Marine Lubes Deemed OK with New Fuels


Ship operators frequenting ports in Northern Europe are juggling a number of issues related to new regulations that will require use of low-sulfur fuel oil beginning this summer. But most can cross one concern off their list: They probably wont have to change diesel cylinder lubricants to accommodate the new fuels, according to lubricant suppliers and an engine manufacturer. The caveat is that all operators should inspect their engines after first use of low-sulfur fuel to ensure they do not need a new type of lubricant.

The new fuel regulations are part of a growing effort to reduce air pollution from sea-going vessels. Under amendments to the International Convention for the Prevention of Pollution from Ships (MARPOL), sulfur content for heavy marine fuel oil used in the Baltic Sea will be capped at 1.5 percent beginning in August. This is one third the limit elsewhere in the world and approximately one half the average sulfur content used throughout the industry. The same limit is scheduled to extend to the North Sea and the English Channel next year.

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The mandate presents operators with a number of decisions. Because low-sulfur fuels will cost more, observers predict ships will elect to use them only where required, while continuing to burn high-sulfur oil elsewhere. Of course, this brings a need to carry two types of fuel and the incumbent logistical complications. As an alternative, MARPOL allows ships to reduce air emissions by installing scrubbers. A few technologies came to market recently, but the industry has not yet had time to develop a track record with them.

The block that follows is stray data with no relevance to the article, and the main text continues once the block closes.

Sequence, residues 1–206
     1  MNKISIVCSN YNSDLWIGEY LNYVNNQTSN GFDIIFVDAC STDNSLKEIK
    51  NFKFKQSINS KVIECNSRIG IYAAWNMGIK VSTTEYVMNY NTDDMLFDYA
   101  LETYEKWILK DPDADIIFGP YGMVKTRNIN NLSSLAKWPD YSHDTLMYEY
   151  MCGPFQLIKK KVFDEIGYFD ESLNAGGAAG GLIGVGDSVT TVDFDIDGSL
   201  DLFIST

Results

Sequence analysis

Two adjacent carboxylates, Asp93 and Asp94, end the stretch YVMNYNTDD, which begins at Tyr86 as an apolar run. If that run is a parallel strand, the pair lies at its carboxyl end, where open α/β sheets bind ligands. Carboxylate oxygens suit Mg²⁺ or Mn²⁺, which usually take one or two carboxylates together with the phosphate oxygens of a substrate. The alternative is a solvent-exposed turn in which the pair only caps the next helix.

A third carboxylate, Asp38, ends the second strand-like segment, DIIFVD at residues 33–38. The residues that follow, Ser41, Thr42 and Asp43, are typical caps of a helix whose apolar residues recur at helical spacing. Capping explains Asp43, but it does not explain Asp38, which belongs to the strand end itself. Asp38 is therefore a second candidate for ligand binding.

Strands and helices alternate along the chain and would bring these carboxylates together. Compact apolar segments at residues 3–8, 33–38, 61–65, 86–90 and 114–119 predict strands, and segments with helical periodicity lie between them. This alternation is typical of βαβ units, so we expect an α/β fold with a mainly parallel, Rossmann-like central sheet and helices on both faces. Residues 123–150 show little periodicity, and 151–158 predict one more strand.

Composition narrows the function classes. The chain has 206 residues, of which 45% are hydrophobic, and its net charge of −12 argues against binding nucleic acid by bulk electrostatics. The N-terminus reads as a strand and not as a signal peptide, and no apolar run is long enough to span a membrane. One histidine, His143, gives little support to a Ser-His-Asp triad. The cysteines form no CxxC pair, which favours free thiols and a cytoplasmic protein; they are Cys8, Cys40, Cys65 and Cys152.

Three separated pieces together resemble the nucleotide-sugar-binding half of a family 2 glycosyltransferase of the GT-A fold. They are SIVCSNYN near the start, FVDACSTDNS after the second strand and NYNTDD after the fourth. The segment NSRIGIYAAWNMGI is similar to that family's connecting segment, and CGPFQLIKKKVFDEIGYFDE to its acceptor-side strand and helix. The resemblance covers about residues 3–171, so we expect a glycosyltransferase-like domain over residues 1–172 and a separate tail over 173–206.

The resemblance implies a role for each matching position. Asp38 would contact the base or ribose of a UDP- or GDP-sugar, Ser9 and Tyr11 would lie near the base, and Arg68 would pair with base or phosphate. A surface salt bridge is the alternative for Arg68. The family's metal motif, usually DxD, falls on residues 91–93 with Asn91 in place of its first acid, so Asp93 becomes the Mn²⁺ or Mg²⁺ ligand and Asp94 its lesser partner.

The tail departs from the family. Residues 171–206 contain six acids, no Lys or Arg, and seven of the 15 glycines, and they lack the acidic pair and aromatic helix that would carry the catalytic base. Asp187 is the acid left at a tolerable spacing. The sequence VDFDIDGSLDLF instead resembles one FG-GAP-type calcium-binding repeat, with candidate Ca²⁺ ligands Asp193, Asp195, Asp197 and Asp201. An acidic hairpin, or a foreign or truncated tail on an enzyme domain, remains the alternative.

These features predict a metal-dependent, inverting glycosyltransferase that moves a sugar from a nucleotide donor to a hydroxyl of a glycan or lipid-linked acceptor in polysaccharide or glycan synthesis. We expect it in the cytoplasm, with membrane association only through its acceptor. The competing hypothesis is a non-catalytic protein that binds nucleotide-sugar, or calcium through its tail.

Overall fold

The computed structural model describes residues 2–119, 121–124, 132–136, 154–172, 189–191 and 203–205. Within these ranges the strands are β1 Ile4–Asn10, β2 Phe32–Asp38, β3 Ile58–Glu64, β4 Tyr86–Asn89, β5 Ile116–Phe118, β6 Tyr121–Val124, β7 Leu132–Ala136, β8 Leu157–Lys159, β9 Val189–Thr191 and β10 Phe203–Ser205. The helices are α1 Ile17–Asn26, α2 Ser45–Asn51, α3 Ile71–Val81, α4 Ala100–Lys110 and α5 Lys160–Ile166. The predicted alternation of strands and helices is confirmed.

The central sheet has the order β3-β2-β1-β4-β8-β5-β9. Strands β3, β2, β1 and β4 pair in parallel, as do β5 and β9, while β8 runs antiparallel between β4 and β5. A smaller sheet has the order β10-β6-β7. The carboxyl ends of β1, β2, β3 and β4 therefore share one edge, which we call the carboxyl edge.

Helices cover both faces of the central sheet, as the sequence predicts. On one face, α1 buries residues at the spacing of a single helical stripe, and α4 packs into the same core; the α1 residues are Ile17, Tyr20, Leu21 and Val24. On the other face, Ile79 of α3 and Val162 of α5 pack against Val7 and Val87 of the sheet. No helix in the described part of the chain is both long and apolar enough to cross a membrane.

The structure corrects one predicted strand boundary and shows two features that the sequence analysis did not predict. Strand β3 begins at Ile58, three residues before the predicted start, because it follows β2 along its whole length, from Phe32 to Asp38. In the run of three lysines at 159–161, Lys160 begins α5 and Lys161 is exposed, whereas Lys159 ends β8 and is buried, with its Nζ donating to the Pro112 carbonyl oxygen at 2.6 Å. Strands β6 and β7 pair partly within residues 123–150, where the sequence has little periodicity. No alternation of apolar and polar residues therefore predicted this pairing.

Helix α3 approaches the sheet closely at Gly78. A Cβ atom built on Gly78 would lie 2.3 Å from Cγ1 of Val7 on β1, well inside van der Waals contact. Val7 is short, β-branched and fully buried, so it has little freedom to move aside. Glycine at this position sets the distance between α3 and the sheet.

Observers say many operators have also worried they might need new diesel cylinder lubricants to use in conjunction with low-sulfur fuels. DCLs are total loss lubricants mixed with fuel feed to help protect cylinders and piston rings. They also account for most of the lubricant volume used on ships.

One of the main tasks for DCLs is to protect against acid corrosion – by far the biggest cause of cylinder wear, according to a presentation given by Kjeld Aabo, senior manager of engine manufacturer Man B&W Diesel AG, during BPs Winds of Change conference in Singapore in March. That corrosion results from the relatively high levels of sulfur trioxide created by burning of high-sulfur fuel. The industry has combated it by using highly alkaline DCLs; the typical product has a base number of 70.

But Man B&W, which is based in Augsburg, Germany, noted that operators do not want to eliminate acid altogether because doing so could polish cylinder liner surfaces, damaging the lubricant oil film and increasing the risk of scuffing. Consequently, marine lubricant suppliers have developed DCLs with base numbers ranging from 40 to 50 that are better suited for low-sulfur fuels.

This raises the potential scenario of ships carrying two types of DCLs, as well as two types of fuels, and also raises questions about how to store and feed the lubricants so as to prevent them from mixing and ensure proper feed rates.